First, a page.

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Find the right cancer biomarker for your research using our IHC guide to pancreatic cancer.
Updated July 13, 2023
Pancreatic cancer is the 7th leading cause of cancer-related death worldwide, with a higher death toll in developed countries. The most common subtype of pancreatic cancer is pancreatic ductal adenocarcinoma, accounting for approximately 85% of all cases. Globally, the mortality rate coincides with the incidence rate, emphasizing the poor prognosis for this cancer type1. Immunohistochemistry offers a useful assay in the identification and classification of pancreatic neoplasms.
The diagnostic accuracy for this cancer type has been significantly improved by the continuous discovery and validation of new tumor-associated biomarkers and the development of effective immunohistochemical panels. The application of appropriate IHC panels allows pathologists to differentiate between the different types of pancreatic cancer and to distinguish pancreatic carcinomas from other secondary metastatic cancers2.
|TFF3||Pentraxin 3 (PTX3)|
|TFF1 has been used for the detection of pancreatic ductal adenocarcinoma in urine samples3.||PTX3 is a stromal compartment-specific pancreatic cancer biomarker that is suitable for validation studies4.|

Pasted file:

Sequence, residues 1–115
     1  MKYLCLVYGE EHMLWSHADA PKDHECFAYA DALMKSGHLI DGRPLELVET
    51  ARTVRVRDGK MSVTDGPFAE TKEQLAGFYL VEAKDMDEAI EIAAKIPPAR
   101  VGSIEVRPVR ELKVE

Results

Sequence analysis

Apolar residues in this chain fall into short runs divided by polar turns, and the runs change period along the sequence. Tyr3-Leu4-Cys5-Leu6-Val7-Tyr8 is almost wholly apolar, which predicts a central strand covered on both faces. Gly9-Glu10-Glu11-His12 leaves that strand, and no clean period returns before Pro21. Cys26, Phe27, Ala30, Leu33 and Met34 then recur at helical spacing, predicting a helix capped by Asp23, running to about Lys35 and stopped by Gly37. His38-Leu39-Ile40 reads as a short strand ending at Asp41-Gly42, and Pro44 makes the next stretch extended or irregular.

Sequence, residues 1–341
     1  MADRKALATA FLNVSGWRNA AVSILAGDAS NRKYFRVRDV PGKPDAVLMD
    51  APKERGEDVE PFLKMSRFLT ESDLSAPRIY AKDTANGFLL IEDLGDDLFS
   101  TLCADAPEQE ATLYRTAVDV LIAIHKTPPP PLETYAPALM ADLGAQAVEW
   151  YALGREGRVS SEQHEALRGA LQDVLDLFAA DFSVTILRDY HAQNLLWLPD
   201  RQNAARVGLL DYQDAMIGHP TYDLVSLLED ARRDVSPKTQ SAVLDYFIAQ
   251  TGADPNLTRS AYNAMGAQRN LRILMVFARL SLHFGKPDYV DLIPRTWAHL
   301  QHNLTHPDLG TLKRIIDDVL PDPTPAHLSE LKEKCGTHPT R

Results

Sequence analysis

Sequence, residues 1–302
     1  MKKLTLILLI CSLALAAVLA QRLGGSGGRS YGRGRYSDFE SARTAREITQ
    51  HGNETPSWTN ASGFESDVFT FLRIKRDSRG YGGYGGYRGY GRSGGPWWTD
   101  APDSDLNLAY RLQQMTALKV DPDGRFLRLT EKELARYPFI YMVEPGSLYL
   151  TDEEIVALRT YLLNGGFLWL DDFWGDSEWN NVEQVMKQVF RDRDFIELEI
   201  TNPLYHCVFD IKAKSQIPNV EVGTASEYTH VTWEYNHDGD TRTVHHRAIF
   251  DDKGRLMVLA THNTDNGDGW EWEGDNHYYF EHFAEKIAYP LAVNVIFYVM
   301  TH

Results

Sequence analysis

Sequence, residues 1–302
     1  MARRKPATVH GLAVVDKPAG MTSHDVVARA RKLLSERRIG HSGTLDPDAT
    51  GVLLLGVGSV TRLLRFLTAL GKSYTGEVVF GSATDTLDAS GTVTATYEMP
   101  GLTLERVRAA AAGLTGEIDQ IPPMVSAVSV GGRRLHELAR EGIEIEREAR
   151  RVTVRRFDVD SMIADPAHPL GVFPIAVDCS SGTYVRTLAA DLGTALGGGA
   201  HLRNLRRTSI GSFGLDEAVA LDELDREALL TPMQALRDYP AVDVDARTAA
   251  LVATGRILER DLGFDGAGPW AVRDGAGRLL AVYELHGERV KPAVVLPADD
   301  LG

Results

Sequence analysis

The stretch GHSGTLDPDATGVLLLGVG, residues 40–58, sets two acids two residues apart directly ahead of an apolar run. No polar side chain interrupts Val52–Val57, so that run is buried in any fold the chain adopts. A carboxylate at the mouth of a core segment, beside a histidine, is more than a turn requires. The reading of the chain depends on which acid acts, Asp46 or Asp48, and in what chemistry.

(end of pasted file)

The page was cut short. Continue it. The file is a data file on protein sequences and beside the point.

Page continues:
|View antibodies to TFF3||View antibodies to PTX3|
IMP3, a cell-surface glycoprotein, is not expressed in the normal pancreatic ductal epithelium and so may serve as a sensitive and specific biomarker to discriminate between benign and malignant pancreatic epithelium5. This biomarker may play a role in the migration, invasion and adhesion of pancreatic cell cancer. Identification of IMP3 by IHC is associated with poor prognosis of pancreatic ductal adenocarcinoma6.
Figure: Immunohistochemistry (Formalin/PFA-fixed paraffin-embedded sections) analysis of human lung cancer tissue sections labeling IMP3 with purified ab179807 at 1/1000 dilution (0.10 µg/mL).
S100P is a sensitive and specific diagnostic biomarker for pancreatic cancer. It has a potential role in the proliferation, survival, motility and invasiveness of pancreatic cells. Levels of S100P expression increase during the progression from pancreatic intraepithelial neoplasia to invasive adenocarcinoma. This biomarker can be used to differentiate between positive pancreatic adenocarcinoma and negative pancreatic endocrine tumors7.